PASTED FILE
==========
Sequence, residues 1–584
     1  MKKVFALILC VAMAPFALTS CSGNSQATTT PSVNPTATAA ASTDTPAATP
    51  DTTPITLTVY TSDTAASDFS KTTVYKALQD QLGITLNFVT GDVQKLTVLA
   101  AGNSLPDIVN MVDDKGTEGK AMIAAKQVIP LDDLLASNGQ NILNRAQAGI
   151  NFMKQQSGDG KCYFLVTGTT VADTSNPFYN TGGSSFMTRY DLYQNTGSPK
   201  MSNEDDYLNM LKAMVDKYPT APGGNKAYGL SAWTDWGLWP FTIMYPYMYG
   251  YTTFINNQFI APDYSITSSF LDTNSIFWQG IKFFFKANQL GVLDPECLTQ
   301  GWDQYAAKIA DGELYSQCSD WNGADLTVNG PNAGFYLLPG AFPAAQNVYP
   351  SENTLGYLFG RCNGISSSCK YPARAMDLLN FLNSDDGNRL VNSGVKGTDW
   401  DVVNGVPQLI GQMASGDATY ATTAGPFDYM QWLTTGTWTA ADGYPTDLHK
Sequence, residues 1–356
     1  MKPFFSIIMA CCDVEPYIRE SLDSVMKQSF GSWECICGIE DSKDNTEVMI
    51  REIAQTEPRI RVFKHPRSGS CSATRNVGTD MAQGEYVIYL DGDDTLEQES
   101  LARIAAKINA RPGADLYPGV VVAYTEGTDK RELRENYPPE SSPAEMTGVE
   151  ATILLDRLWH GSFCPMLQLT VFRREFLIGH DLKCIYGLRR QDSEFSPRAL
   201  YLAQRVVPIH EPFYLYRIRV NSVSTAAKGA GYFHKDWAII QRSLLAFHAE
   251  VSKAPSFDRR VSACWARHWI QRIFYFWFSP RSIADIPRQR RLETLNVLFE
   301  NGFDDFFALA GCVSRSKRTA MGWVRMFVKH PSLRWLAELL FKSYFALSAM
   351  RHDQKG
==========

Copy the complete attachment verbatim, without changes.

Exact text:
Sequence, residues 1–584
     1  MKKVFALILC VAMAPFALTS CSGNSQATTT PSVNPTATAA ASTDTPAATP
    51  DTTPITLTVY TSDTAASDFS KTTVYKALQD QLGITLNFVT GDVQKLTVLA
   101  AGNSLPDIVN MVDDKGTEGK AMIAAKQVIP LDDLLASNGQ NILNRAQAGI
   151  NFMKQQSGDG KCYFLVTGTT VADTSNPFYN TGGSSFMTRY DLYQNTGSPK
   201  MSNEDDYLNM LKAMVDKYPT APGGNKAYGL SAWTDWGLWP FTIMYPYMYG
   251  YTTFINNQFI APDYSITSSF LDTNSIFWQG IKFFFKANQL GVLDPECLTQ
   301  GWDQYAAKIA DGELYSQCSD WNGADLTVNG PNAGFYLLPG AFPAAQNVYP
   351  SENTLGYLFG RCNGISSSCK YPARAMDLLN FLNSDDGNRL VNSGVKGTDW
   401  DVVNGVPQLI GQMASGDATY ATTAGPFDYM QWLTTGTWTA ADGYPTDLHK
Sequence, residues 1–356
     1  MKPFFSIIMA CCDVEPYIRE SLDSVMKQSF GSWECICGIE DSKDNTEVMI
    51  REIAQTEPRI RVFKHPRSGS CSATRNVGTD MAQGEYVIYL DGDDTLEQES
   101  LARIAAKINA RPGADLYPGV VVAYTEGTDK RELRENYPPE SSPAEMTGVE
   151  ATILLDRLWH GSFCPMLQLT VFRREFLIGH DLKCIYGLRR QDSEFSPRAL
   201  YLAQRVVPIH EPFYLYRIRV NSVSTAAKGA GYFHKDWAII QRSLLAFHAE
   251  VSKAPSFDRR VSACWARHWI QRIFYFWFSP RSIADIPRQR RLETLNVLFE
   301  NGFDDFFALA GCVSRSKRTA MGWVRMFVKH PSLRWLAELL FKSYFALSAM
   351  RHDQKG